Abbottabad Commission: Pakistan's Bin Laden report cites "gross incompetence" in search for al-Qaida leader.

Osama Bin Laden Wore a Cowboy Hat

Osama Bin Laden Wore a Cowboy Hat

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July 8 2013 3:08 PM

Osama Bin Laden Wore a Cowboy Hat and Other Revelations From the Abbottabad Commission

Osama Bin Ladin, seen here without his cowboy hat

File photo by AFP/AFP/Getty Images

Al-Jazeera has a detailed look at the findings of the so-called Abbottabad Commission, a group tasked by the Pakistani government to investigate its inability to find Osama Bin Laden. The Pakistani government is doing its best to bury the report, and it's not difficult to see why: The commission harshly indicts Pakistani agencies for their "collective failure” in allowing Bin Laden to live undetected on their soil for nearly a decade.

In addition to its blistering criticism of Pakistani intelligence officials, the report also paints an interesting picture of what life was like on the run for Bin Laden and his family. Here's a few of the newsiest and most interesting nuggets from the Al-Jazeera report.


The big takeaway:

According to the Commission’s investigations, Pakistan’s intelligence establishment had "closed the book" on Bin Laden by 2005, and was no longer actively pursuing intelligence that could lead to his capture.
Moreover, it found that there had been a complete collapse of governance and law enforcement – a situation it termed "Government Implosion Syndrome", both in the lack of intelligence on Bin Laden’s residing in Pakistan for as long as nine years, and in the response to the US raid that killed him. It finds that "culpable negligence and incompetence at almost all levels of government can more or less be conclusively established".

What Bin Laden was up to inside Pakistani borders:

It found that Bin Laden entered Pakistan in mid-2002, after narrowly escaping capture in the Battle of Tora Bora in Afghanistan in December 2001. Intelligence officials say he stayed briefly in the South Waziristan and Bajaur tribal areas of Pakistan, before moving to the northern Swat Valley to stay with his guards, Ibrahim and Abrar al-Kuwaiti, for several months. While in Swat, Bin Laden reportedly met with Khalid Shaikh Mohammad, the alleged mastermind of the 9/11 attacks against the United States, in early 2003. A month later, Mohammad is captured in Rawalpindi in a joint US-Pakistani operation, and Bin Laden flees Swat... In August [2005], [Bin Laden and relatives] move to a custom-built compound in Abbottabad, a military garrison town located about 85km away from the Pakistani capital, Islamabad. He stayed there for six years, until he is killed in the US operation in May 2011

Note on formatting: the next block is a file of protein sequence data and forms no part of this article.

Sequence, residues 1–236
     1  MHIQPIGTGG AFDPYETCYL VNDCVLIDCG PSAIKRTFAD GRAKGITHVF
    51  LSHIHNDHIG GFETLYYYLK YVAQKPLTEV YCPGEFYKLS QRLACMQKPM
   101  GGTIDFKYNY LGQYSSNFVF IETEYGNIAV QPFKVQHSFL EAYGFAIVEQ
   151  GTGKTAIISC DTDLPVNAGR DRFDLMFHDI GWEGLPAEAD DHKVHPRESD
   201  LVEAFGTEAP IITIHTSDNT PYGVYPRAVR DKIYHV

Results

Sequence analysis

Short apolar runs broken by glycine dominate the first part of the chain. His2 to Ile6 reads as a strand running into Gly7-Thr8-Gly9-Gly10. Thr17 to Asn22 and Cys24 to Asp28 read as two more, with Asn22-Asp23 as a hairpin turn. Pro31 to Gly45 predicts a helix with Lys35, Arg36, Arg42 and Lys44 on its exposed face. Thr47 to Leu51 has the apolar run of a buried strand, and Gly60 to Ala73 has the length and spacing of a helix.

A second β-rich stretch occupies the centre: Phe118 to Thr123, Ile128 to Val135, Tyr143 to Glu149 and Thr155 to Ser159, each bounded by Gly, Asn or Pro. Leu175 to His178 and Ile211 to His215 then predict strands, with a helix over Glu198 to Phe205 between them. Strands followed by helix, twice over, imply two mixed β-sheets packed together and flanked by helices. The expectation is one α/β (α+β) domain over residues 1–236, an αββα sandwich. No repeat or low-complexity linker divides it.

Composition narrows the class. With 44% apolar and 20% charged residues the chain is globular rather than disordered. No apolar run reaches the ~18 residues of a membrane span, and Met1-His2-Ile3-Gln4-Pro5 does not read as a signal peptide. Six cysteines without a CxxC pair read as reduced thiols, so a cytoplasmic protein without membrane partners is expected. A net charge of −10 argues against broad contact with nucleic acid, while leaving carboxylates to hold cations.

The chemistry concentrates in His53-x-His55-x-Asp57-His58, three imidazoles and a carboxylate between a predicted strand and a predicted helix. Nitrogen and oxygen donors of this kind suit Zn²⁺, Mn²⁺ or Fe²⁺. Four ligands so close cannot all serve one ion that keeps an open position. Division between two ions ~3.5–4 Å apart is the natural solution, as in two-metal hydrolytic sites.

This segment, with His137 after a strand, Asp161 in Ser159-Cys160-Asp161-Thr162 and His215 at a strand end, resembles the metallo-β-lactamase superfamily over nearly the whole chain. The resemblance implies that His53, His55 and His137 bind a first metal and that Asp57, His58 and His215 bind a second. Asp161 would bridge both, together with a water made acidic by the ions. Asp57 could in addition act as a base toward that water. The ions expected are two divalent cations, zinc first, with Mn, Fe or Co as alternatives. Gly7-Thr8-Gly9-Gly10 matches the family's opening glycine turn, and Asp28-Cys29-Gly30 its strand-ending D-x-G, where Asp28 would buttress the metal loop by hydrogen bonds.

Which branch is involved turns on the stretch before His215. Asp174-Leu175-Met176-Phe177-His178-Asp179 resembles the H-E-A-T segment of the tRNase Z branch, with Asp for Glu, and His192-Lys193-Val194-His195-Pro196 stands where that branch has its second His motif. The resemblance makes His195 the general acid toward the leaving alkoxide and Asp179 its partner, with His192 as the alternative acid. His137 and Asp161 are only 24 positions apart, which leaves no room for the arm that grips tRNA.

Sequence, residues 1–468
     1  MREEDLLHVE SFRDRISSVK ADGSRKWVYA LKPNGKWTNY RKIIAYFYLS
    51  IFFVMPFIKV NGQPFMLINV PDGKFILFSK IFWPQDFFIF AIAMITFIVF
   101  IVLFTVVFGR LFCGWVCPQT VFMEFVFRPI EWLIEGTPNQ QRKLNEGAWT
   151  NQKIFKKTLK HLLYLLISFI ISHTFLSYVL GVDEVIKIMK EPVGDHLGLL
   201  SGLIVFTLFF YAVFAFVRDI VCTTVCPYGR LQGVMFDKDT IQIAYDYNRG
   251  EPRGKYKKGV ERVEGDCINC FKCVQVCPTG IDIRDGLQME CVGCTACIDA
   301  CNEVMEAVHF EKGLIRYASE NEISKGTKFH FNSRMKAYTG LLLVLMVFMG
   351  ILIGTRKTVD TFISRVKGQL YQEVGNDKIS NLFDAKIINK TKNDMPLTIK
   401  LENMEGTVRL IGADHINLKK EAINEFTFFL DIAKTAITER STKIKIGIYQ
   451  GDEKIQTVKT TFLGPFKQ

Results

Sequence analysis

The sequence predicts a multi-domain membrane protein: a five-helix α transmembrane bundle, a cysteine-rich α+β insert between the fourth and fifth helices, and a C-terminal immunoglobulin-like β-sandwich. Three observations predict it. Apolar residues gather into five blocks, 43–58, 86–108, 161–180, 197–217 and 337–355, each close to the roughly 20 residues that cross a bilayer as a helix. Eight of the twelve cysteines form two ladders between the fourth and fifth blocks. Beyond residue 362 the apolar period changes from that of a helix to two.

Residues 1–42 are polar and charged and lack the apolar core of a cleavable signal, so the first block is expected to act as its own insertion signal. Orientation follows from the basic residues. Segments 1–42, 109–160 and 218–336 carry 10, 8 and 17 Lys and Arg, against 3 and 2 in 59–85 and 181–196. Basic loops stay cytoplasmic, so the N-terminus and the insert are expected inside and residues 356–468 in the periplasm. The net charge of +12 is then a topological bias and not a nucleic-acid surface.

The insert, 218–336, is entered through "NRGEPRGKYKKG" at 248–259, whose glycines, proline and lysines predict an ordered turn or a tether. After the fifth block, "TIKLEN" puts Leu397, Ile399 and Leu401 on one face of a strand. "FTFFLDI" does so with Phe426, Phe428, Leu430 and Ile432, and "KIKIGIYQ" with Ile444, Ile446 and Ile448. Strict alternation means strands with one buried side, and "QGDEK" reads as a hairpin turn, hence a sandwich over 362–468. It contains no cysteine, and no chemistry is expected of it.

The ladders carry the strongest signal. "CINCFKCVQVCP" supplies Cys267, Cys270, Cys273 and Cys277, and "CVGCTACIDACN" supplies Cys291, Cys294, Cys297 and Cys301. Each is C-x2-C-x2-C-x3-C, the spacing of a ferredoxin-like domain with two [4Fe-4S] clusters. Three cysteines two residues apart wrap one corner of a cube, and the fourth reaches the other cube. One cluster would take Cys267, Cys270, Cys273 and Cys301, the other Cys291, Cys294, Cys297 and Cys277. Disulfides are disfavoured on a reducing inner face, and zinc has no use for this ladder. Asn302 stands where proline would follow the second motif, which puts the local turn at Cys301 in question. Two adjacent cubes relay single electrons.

How he kept his cover:

The group lived, according to the testimony of the wives, "extremely frugally". Bin Laden himself, before moving to Abbottabad, reportedly owned only three pairs of shalwar kameez (local Pakistani dress) for summer, and three pairs for winter - in addition to a single black jacket, and two sweaters.
He also owned "a cowboy hat", which he wore when he moved around the compound to avoid detection from above. Bin Laden, who reportedly suffered from various ailments, particularly in his kidneys and possibly his heart, would sometimes complain of sluggishness, and, on those occasions, he would eat some chocolate and/or an apple, according to the commission's findings. There is no evidence to suggest he was ever visited by a doctor, and he almost certainly never left the compound.

And the scathing conclusion of the report:

The Commission found that the country’s "political, military intelligence and bureaucratic leadership cannot be absolved of their responsibility for the state of governance, policy planning and policy implementation that eventually rendered this national failure almost inevitable", and calls on key leaders in each of those segments of the country’s leadership to formally apologise to the country for "their dereliction of duty".

Predictably, the Pakistani government is continuing to suppress access to the commission’s findings. Al-Jazeera’s Asad Hashim tweeted earlier that readers were having problems accessing the report online from within Pakistan. The rest of you, however, can check out the full Al-Jazeera report here.